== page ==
Birthday cakeThis past December, my Dad planned a huge multi-layered surprise for my step-mom's 50th birthday party. First, a surprise party in Leesburg, Virginia (my hometown). Both her best friend who lives in Texas and I were present—she had no idea we were in town! Afterwards, she had plans to go on a cruise for a week to the West Bahamas. She found out before leaving for the airport that my sister and I were coming, our first big family vacation in ten years! Then, we get on the boat, and it turns out our group is about twenty-five people—many family members and friends came to join us on the cruise! — Erika Atkins, Education Department Coordinator

When my family gets together these days, we've developed an informal tradition of breaking out board games—most likely Settlers of Catan. None of us live with enough people to play on an average night at home, so it's a nice opportunity to do something we don't normally and a much more fun way to spend time together than just watching TV. — Jamie O'Brien, Assistant Director of Digital Services

After we graduated , my core college friends would get together at least once a year and sometimes more. For many years, it was for bridal showers, weddings, baby showers, holidays, sometimes a special girl weekend, etc. But this last year, we all got to see each other multiple times to celebrate a momentous year of birthdays. Always a fun time! — Courtney J. Boddie, Director of Education / School Engagement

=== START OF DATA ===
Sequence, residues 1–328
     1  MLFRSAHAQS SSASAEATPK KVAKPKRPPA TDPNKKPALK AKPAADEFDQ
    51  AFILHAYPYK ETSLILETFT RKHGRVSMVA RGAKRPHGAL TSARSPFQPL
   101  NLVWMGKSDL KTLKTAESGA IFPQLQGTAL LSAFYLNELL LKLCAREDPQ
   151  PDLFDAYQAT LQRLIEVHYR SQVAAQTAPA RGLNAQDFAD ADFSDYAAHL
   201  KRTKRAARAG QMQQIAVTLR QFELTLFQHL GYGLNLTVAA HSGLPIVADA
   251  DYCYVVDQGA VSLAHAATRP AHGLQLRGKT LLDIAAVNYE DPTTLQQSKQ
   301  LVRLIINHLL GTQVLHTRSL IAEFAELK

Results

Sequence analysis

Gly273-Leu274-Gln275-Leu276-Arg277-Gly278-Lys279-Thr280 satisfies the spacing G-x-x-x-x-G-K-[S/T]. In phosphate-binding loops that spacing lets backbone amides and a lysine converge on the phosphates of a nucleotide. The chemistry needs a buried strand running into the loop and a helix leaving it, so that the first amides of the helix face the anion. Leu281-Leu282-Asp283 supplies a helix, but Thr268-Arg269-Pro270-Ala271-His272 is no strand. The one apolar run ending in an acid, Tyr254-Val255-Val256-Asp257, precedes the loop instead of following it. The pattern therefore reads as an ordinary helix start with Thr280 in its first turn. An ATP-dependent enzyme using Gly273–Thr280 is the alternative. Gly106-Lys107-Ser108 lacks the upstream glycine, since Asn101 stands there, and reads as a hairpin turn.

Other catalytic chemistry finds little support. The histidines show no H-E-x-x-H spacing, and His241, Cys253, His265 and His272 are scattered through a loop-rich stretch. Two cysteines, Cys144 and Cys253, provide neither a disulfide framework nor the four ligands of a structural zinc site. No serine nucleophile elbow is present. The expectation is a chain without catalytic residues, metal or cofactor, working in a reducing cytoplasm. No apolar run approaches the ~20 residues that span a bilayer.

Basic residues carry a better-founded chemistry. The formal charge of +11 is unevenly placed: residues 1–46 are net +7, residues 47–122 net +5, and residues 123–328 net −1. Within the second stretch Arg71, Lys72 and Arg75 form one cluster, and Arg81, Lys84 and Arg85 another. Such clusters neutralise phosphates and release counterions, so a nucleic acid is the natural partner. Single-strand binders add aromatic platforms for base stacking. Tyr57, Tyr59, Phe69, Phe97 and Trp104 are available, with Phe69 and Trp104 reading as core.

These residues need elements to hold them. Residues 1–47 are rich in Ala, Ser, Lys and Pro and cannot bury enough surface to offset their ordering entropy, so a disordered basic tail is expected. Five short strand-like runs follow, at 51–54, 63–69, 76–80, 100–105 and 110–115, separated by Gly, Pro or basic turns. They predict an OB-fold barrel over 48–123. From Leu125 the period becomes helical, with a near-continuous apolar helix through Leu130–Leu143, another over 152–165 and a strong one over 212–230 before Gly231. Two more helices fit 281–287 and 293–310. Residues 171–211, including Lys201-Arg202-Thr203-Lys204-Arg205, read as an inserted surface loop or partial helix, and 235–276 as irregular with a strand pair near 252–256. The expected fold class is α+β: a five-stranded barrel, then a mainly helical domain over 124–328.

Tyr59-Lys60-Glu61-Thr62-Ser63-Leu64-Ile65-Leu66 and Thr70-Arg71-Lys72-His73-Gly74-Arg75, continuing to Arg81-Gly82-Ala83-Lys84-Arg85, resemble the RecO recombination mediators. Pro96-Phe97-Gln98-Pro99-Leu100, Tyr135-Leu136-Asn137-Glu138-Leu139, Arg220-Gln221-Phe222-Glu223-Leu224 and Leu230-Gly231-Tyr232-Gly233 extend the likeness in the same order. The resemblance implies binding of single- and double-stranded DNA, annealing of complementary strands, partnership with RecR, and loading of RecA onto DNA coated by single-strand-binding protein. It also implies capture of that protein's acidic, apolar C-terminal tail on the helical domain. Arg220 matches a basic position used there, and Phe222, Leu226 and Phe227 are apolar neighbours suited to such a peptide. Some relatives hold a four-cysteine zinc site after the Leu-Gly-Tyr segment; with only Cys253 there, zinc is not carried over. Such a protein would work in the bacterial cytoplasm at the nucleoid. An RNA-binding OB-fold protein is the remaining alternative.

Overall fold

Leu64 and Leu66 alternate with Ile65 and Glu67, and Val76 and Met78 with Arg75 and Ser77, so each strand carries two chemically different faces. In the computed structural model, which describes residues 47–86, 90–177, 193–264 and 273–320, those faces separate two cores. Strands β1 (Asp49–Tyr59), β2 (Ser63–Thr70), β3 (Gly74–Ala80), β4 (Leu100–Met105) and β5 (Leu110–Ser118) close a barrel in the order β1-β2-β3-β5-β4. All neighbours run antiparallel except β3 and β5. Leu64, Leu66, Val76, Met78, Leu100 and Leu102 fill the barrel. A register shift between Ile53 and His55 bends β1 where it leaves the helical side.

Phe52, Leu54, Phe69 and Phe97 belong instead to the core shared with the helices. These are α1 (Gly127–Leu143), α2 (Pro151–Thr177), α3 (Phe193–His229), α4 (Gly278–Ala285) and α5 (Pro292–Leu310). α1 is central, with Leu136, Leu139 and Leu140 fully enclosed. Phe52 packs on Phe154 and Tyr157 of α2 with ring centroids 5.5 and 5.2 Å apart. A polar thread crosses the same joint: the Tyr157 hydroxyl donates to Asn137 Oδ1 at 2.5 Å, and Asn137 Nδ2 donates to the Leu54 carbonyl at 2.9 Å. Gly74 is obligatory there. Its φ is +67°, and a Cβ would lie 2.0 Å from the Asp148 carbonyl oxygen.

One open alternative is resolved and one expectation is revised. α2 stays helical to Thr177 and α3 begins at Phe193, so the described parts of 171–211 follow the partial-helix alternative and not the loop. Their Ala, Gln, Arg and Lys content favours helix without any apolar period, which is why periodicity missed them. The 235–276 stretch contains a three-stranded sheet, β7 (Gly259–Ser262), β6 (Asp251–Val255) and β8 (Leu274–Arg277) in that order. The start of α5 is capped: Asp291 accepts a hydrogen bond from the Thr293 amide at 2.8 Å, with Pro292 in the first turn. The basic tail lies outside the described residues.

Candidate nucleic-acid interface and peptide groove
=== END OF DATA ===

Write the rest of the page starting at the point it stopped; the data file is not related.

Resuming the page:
ScissorsI grew up in Corona, Queens, and while I've lived in many other places over the years, my best friends are still from there. One of the members of my group of friends from Queens is a hairdresser, and for the past thirty years or so, his best friends (both men and women and myself included) have made hair appointments every six to eight weeks with him on a weekend. We spend the entire day visiting with each other and getting our hair done, after which we all go out to dinner together. We keep to this schedule to the best of our ability because we love each other's company and we are loving going through life together, even though our paths have taken all of us in different directions. — Alice Arias, Controller

Posted by Zack Ramadan
Tags: 2014-15, Staff